The Age of Culture
By D. Paul Schafer, Oakville, Canada, Rock's Mills Press, 2014, 231 pp., ISBN 978-0-9881293-2-0
For over four decades, D. Paul Schafer has been working in the cultural field as an educator, advisor, administrator and researcher. He has taught arts administration and cultural policy at York University and University of Toronto, executed a number of projects for Canada's Department of External Affairs, and undertaken several advisory missions to different parts of the world for UNESCO. Paul Schafer is the author of numerous books and articles on culture and the arts in general and on Canadian culture and the arts in particular. This most recent book, The Age of Culture (Rock's Mills Press, 2014) recapitulates that rich experience and his prominent theoretical positions.
Schafer is one of those authors who argue that the entire complex of the current historical milestones can be reduced to a question of swapping places: whether it is culture or economy that becomes the principled case and the main focus of development activities. If, at the same time, a more complete knowledge about the economies and the cultures, as concepts and as reality, was required, even trying to interpret how the economy historically occupied the main place, that does not explain what it all means as sociocultural evolution, neither why the economic ideology has reduced all human values to the economic categories.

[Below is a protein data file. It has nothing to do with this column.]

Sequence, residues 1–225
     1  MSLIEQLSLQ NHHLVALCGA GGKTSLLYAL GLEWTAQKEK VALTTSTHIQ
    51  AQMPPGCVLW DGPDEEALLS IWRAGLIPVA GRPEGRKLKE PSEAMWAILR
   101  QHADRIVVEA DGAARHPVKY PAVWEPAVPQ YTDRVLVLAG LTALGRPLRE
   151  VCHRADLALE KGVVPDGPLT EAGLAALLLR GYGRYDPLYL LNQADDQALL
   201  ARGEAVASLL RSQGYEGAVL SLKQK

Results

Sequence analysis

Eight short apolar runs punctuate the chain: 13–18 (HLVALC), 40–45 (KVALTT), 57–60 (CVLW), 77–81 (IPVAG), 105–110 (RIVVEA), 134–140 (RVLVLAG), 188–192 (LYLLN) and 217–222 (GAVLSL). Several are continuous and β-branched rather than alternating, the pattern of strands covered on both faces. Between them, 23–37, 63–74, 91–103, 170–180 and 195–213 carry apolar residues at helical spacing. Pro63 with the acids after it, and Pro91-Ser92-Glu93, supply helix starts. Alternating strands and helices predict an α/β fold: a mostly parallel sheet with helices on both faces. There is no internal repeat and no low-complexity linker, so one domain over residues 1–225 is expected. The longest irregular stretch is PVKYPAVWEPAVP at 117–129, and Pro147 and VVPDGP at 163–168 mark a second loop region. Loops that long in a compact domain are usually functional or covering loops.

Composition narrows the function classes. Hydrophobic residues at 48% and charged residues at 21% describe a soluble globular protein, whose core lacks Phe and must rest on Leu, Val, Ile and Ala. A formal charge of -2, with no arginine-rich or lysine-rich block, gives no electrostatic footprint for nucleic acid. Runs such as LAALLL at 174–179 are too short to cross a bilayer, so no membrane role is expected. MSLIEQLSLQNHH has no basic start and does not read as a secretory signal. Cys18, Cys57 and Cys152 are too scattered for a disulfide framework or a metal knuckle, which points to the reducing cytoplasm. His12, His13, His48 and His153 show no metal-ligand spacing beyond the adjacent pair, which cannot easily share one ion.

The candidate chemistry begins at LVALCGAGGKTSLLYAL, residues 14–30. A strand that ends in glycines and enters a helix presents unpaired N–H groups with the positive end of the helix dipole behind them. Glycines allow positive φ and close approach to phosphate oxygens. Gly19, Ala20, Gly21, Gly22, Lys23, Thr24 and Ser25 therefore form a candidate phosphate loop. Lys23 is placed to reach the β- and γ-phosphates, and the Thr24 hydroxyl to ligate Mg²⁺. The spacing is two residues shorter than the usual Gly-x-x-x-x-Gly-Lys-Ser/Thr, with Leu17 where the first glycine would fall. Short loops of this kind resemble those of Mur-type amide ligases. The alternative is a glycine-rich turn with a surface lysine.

Paul Schafer is right, when he says that we need a perspective which will allow us to consider the "big picture" and focus our attention on the whole and on the parts, on the context and the content, on values and value systems, and on strategic relationships between key variables between countries and blocs of countries, between human beings and the natural environment. Such a perspective, he believes, is provided by culture, not in its conventional or political sense, but culture as a whole, everything that exists in society, which we are a product of, and that includes not only the arts, heritage and communication activities, but also the economic sphere, the political processes, social conventions, religious beliefs, scientific theories, educational efforts, ethical ideals and the attitude towards the environment.
At the threshold of a new era of global development and human affairs that should be driven by a holistic cultural perspective, Schafer is arguing tirelessly. One of the biggest challenges for the coming cultural age will be piecing together, making known, and using a cultural worldview to replace the economic worldview. It seems to be his life's mission to affirm this belief. In Paul Schafer's new book, we find some clearly articulated questions that must be asked, and answered, if human well-being is to be a key concern of a cultural age. Namely, making it possible to address people's needs and requirements in a sustained, systematic, proactive, and egalitarian manner (pp. 116-117).
Zagreb Institute of Economics